Amazon’s proposed $1.45bn purchase of iRobot drew a formal opposition from the EU’s Antitrust regulator. The regulator said that the deal would allow Amazon to use its dominant position to punish competitors of the Roomba manufacturer.
In a Monday statement of opposition, the EU, which has been conducting an in-depth investigation into the acquisition announced last summer, stated that the proposed agreement could “restrict competition on the market for robotic vacuum cleaners”.
This procedural step is not a veto. Amazon may engage the regulator in order to voice its concerns. The EU must reach a decision by February 14.
Amazon stated that it would “continue working through the process with European Commission, and [we] are focused on addressing any questions and concerns identified”.
Amazon, the company said, could give iRobot the resources it needs to “accelerate innovation” and “address intense competition with other vacuum cleaner manufacturers”.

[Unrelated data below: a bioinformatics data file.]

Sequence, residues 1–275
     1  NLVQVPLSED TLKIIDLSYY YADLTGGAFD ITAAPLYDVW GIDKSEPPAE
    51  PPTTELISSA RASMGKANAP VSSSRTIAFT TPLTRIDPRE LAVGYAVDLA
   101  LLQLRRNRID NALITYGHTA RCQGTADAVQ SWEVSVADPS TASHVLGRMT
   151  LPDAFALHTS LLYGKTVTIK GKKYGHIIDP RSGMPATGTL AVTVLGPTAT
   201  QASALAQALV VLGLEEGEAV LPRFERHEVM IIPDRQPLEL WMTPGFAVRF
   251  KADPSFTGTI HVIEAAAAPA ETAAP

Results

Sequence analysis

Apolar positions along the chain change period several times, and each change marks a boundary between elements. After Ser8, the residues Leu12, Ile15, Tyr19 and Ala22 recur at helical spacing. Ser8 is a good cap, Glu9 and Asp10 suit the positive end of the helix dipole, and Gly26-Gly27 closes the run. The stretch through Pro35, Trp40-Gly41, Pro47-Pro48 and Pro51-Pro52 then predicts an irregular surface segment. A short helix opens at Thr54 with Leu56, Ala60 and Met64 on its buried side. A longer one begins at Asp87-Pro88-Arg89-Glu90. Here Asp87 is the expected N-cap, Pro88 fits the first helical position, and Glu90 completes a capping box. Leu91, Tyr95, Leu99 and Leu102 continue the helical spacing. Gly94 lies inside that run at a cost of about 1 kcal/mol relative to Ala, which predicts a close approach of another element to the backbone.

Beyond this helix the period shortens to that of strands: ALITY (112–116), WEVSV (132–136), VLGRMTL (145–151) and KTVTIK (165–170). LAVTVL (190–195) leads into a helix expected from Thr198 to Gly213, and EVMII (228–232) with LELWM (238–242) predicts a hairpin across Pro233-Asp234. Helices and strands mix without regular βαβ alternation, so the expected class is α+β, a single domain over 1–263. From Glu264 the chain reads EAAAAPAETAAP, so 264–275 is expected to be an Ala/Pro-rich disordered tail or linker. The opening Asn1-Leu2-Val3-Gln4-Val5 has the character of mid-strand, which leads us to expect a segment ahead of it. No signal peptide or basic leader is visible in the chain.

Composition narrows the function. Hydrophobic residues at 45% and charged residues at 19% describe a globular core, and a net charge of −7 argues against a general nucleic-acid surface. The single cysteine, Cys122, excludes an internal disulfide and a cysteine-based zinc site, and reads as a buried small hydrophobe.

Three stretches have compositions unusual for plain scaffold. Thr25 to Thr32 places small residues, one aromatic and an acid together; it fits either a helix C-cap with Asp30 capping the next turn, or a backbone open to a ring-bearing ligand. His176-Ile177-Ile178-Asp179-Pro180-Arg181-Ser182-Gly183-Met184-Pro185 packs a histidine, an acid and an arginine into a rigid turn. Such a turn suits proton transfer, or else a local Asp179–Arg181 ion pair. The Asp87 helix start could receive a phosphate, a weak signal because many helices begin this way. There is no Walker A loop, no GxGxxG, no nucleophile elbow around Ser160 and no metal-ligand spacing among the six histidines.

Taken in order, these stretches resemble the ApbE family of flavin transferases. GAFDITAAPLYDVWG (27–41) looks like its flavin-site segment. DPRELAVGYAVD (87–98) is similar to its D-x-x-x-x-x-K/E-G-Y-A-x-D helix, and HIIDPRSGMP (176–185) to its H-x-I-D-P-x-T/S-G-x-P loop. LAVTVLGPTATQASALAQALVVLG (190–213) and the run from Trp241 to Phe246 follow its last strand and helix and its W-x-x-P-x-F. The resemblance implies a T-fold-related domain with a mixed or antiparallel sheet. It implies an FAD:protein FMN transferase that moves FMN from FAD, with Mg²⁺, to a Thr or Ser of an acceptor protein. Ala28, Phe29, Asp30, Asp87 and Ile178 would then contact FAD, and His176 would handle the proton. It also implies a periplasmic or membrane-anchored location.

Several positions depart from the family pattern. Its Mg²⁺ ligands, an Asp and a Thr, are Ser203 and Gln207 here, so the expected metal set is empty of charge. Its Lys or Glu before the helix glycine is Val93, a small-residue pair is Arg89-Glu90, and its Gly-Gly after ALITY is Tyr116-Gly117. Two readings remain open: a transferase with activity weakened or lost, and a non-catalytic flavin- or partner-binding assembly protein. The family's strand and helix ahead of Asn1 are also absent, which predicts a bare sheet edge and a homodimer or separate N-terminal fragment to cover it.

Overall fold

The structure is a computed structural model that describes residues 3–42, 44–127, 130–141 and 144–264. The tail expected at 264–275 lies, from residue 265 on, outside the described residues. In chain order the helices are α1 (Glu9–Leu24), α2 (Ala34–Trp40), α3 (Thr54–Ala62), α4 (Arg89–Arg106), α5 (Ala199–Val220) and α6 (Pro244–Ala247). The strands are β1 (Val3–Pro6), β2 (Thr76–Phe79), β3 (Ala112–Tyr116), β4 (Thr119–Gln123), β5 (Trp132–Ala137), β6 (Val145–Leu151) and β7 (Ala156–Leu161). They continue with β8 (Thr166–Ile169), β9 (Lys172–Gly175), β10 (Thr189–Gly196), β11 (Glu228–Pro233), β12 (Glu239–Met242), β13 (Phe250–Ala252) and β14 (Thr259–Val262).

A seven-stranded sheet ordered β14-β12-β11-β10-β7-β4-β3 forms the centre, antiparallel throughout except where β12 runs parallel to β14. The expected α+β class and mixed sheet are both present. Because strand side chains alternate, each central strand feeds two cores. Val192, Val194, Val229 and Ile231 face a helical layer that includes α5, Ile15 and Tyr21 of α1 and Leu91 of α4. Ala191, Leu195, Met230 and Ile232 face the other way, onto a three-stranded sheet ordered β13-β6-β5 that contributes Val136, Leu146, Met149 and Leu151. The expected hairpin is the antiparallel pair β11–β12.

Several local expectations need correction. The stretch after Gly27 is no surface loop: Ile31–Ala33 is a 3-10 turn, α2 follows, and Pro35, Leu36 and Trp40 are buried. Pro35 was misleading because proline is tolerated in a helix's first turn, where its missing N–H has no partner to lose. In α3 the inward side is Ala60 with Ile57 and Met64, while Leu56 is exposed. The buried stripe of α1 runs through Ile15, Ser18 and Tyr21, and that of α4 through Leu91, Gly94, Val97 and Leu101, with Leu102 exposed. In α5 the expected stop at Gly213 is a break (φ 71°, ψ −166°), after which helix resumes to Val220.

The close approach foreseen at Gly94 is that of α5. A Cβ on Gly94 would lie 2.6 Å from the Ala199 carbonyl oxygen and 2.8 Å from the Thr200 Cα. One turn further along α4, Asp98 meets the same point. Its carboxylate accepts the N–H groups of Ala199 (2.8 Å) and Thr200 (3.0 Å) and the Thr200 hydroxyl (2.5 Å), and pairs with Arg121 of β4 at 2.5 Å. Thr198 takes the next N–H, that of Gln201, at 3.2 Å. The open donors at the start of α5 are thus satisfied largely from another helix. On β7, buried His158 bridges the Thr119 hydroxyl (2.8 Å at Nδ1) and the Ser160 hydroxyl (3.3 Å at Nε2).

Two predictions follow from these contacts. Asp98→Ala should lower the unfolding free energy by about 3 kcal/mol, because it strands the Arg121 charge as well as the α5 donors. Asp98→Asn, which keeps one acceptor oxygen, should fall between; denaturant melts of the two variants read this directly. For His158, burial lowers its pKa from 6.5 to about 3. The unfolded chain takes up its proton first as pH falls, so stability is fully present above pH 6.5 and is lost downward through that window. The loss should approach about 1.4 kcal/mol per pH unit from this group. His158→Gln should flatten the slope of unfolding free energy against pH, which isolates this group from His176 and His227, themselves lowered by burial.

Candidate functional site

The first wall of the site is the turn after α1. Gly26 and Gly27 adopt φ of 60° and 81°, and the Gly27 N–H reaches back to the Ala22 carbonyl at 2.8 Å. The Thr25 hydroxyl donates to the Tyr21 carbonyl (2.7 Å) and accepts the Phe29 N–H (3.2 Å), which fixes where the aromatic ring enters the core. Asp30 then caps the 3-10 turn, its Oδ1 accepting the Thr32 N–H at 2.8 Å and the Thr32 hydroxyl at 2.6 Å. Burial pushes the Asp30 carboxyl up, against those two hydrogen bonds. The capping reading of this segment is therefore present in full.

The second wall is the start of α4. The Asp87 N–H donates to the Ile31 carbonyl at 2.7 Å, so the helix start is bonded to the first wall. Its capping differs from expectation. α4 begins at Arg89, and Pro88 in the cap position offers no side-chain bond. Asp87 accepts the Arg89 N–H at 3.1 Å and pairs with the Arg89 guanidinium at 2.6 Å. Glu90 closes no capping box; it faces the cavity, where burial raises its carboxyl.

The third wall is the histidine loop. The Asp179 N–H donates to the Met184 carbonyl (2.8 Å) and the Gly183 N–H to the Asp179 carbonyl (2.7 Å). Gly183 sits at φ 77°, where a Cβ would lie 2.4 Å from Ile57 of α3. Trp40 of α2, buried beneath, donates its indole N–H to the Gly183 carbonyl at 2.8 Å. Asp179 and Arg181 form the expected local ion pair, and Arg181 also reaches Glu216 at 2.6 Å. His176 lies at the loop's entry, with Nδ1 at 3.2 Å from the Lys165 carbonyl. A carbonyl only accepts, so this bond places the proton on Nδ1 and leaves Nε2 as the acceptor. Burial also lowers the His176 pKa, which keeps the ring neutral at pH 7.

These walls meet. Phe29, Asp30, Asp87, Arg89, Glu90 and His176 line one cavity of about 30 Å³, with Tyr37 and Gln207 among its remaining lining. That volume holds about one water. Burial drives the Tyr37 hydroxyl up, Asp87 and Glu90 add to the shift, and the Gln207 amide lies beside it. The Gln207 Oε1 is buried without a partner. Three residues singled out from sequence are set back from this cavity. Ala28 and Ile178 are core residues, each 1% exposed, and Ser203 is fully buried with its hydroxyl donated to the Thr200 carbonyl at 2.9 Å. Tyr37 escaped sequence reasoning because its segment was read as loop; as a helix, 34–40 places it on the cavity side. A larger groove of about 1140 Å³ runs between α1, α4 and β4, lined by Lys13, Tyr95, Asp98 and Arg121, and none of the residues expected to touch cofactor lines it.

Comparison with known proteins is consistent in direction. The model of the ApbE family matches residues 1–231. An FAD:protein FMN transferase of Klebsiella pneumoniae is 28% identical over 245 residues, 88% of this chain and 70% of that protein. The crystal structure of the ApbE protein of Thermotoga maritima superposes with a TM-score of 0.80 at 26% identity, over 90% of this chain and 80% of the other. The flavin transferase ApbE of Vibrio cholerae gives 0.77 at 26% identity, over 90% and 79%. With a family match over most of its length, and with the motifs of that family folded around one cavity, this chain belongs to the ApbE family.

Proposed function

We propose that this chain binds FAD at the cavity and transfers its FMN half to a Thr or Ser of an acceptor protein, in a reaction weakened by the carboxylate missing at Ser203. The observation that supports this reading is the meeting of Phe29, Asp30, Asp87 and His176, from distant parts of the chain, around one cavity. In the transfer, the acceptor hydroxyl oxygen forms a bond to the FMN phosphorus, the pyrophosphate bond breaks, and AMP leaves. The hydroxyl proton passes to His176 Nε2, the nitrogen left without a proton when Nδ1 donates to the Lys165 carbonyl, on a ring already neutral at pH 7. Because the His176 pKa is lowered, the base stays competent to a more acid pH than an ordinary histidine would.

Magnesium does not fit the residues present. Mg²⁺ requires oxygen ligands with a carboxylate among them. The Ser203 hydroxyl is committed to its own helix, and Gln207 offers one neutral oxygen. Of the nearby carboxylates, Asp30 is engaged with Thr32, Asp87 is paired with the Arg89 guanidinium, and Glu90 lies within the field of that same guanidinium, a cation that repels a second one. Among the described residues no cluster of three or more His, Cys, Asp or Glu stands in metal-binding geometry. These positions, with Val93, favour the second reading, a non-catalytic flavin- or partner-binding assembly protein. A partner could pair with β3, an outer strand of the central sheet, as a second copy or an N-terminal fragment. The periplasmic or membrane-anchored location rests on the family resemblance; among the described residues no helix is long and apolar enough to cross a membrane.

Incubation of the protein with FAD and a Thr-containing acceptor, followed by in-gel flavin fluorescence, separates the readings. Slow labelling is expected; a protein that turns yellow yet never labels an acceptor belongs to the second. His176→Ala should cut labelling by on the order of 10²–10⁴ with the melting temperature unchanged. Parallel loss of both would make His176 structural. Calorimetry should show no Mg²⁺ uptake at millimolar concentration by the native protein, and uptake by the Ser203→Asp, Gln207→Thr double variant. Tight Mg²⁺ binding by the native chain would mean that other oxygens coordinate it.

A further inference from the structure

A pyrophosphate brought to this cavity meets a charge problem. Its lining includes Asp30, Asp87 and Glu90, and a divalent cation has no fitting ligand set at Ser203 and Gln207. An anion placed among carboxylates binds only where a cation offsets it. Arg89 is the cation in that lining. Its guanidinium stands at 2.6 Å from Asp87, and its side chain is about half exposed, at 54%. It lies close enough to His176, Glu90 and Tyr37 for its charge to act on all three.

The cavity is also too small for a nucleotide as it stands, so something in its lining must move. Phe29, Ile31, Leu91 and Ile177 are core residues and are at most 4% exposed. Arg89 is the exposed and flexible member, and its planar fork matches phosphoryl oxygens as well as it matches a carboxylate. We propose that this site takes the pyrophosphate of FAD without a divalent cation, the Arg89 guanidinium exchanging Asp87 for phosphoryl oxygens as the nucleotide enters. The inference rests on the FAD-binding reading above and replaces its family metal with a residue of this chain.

iRobot’s shares dropped by almost 20% following the news.
Amazon could reduce the visibility and prominence of competing robot vacuum cleaners in its online marketplace, where many consumers from France, Germany and Spain are likely to purchase them.
US Federal Trade Commission is also investigating the iRobot agreement, but it has not yet formally challenged it. On Monday, it declined to comment.
Amazon, which is active in many sectors, including ecommerce, cloud computing, video streaming, and groceries, has attracted the attention of regulators of the US, UK, and EU for some time.
The FTC filed an antitrust lawsuit in September against the company, claiming that it used its monopoly to harm consumers, competitors and sellers.
Amazon also reached an agreement with the EU’s antitrust regulator last December, whereby it agreed to refrain from using the data provided by sellers on its platform to make decisions about its retail arm.
Amazon has committed to treating all sellers equally when choosing products for the “Buy Box” which places specific sellers at the top of product pages. Amazon also agreed to establish non-discriminatory access conditions to its Prime label.